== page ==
What Can You Get From Mindful Eating
Updated: Mar 29
Photo credit: @prettylittleiiinspo
I know, I’ve just heard about this too. I don’t know anything about mindful eating until just recently.
All of us eat, I mean, who doesn’t, right? But let me ask you what type of foods do you eat? Are you mindful of how much you eat in a meal and the kind of food you put into your mouth? Are they nutritious enough for your mind, body, and soul? Just a few questions to make this easier and more precise.
I admit. I love eating! I love eating fried foods, sweets, a few veggies, and tons of fruits, chips, and sodas. You get the picture, right? So, am I eating mindfully? I’ll say no. I was just eating for the sake of putting something in my stomach because either I’m hungry or I just want to eat. And I eat while I’m working, driving, or even watching television. Heck, I also eat while I’m walking!
So, what is mindful eating?
Let me give you a definition from Harvard Health Publishing by Dr. Cheung, “Mindfulness means focusing on the present moment, while calmly acknowledging and accepting your feelings, thoughts, and bodily sensations. The tenets of Mindfulness apply to mindful eating as well, but the concept of mindful eating goes beyond the individual. It also encompasses how what you eat affects the world. We eat for total health,” Dr. Cheung says.
A more straightforward way to put it, mindful eating means being fully attentive to the food you buy, prepare, serve, and eat.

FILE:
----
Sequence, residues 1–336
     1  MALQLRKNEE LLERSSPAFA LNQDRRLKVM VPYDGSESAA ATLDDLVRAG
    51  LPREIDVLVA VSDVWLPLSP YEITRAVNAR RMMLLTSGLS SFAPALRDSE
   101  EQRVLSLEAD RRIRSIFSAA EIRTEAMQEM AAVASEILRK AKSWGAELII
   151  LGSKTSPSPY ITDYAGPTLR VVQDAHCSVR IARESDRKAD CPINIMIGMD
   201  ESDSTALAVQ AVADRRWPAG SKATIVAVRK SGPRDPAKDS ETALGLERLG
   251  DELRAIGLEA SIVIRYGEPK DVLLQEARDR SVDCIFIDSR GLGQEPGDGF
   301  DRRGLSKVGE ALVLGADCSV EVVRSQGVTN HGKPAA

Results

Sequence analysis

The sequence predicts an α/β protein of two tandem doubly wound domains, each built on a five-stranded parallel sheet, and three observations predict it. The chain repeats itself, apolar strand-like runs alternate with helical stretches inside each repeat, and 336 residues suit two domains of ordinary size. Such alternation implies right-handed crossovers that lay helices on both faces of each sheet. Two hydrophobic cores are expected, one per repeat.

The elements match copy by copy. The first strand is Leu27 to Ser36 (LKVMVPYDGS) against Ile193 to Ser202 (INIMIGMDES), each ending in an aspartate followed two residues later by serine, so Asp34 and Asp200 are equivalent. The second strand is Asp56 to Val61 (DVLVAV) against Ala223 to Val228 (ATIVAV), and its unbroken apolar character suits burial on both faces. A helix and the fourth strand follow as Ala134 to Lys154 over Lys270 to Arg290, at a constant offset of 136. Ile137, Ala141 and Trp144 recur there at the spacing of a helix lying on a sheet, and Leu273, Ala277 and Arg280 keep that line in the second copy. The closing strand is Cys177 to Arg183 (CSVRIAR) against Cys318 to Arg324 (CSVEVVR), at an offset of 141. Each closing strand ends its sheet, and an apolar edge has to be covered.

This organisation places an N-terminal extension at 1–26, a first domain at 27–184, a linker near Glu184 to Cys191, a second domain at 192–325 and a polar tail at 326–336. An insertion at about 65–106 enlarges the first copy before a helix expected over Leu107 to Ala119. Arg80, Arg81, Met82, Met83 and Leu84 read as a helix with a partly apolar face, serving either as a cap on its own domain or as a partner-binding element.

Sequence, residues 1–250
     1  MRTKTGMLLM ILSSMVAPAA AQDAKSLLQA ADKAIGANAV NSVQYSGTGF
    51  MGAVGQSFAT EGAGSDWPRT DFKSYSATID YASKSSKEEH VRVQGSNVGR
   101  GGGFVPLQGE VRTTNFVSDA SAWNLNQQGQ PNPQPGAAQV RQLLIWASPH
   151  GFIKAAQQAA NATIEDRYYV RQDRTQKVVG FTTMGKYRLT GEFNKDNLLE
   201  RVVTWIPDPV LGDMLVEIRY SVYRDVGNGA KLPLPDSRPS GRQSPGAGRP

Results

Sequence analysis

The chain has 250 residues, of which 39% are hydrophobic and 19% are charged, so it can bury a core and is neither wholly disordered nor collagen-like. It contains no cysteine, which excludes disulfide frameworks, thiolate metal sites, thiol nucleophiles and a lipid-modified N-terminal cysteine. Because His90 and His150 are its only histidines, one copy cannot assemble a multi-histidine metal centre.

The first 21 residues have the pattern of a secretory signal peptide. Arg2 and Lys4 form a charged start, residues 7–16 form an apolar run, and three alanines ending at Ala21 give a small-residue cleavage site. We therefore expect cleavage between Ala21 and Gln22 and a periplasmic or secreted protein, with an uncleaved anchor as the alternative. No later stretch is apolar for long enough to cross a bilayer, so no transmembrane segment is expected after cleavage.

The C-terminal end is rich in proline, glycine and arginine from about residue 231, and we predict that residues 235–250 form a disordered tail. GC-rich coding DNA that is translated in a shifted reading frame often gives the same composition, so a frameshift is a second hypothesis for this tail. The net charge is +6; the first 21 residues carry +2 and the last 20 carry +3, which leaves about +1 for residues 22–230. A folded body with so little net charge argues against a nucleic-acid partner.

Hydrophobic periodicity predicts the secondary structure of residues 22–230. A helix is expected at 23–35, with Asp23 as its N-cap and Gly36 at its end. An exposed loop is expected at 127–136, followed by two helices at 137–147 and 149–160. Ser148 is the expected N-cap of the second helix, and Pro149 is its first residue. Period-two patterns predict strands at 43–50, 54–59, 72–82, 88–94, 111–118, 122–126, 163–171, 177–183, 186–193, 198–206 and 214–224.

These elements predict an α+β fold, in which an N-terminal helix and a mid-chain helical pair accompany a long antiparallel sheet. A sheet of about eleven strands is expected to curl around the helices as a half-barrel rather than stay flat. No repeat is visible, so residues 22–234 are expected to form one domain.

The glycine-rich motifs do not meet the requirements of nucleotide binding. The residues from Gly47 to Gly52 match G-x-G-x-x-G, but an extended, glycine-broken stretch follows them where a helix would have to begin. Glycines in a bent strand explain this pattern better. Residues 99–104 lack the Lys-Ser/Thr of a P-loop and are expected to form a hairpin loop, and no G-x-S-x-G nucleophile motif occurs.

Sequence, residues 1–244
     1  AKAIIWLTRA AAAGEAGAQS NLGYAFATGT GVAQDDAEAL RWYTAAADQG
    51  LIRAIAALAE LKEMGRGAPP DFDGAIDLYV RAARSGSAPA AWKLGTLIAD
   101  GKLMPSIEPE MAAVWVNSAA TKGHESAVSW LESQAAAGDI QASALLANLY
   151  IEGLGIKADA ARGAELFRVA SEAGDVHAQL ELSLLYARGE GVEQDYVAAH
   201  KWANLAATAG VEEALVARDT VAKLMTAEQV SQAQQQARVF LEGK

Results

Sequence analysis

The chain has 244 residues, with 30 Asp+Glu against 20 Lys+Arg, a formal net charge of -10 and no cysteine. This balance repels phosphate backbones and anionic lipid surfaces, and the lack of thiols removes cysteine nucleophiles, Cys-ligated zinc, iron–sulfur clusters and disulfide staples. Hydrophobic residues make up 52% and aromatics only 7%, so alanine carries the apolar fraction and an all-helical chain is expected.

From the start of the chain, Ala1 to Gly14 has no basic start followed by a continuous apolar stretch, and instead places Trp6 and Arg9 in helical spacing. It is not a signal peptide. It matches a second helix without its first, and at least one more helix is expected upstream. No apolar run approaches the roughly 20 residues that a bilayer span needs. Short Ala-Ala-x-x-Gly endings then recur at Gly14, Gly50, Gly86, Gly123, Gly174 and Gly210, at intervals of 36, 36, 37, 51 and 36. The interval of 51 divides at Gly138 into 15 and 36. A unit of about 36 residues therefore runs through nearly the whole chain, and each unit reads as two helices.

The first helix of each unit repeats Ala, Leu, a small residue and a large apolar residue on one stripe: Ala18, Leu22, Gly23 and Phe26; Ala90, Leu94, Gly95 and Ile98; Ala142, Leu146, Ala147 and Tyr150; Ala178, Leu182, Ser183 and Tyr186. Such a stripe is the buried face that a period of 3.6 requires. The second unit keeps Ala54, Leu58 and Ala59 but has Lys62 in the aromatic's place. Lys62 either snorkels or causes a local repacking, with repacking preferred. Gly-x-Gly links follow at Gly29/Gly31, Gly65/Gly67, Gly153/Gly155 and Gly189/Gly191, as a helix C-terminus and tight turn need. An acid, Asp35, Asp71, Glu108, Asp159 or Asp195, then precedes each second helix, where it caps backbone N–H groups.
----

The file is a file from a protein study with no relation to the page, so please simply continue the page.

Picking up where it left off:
What are the benefits if you practice mindful eating?
Well, there are a lot of benefits you can get when you practice the habit of mindful eating. Here are some of them:
It can reduce physiological distress such as depression, anxiety, stress, and eating behaviors like binge eating.
It helps in weight loss in overweight and obese people.
Improve the symptoms of Type 2 Diabetes and other health conditions.
How do you practice mindful eating?
They say that you have to practice Mindfulness by learning or getting into a series of exercises and meditations or attend a seminar, online courses, or workshops on mindful eating. But you can also get started by practicing these simple steps:
Your shopping list. Think of the health value of every item you put in your cart. It is even better to make a list and stick to it. Start shopping in the produce section and avoiding the center aisles, which are dense with processed and junk foods.
Eat more slowly and don’t rush your meal. Don’t skip meals. Because when you do, your priority is to eat everything at once to fulfill your hunger. Which will lead you not to enjoy your food, chew your food thoroughly.
Appreciate your food. Appreciate what you have in your plate, remember not everyone has the privilege to eat or even have a portion of food on their plate.
Eat away from distractions like the TV, phone, computing, or even eating in your car.
Listen to your body when it lets you know when it’s hungry or full and use these to guide your decision on when to start and stop eating.
Learn to choose food that is nourishing and pleasing to all your senses.
There are four mindful points that you should remember and ask yourself.
Mind — are you tasting each bite, or are you zoned out when you eat?
Body — how does your body feel before and after you eat? Do you feel energized, is your stomach rumbling, or do you feel empty?
Feeling — what do you feel about that particular food? Do you feel guilty, pleasure, joy, disappointment, or regret when eating it?
Thoughts — What thoughts does a particular food bring to mind? Is it memories, beliefs, myths, or fears?
The biggest takeaway I’ve learned here is that mindful eating helps us regain control of our eating and helps us to appreciate more the food that we eat.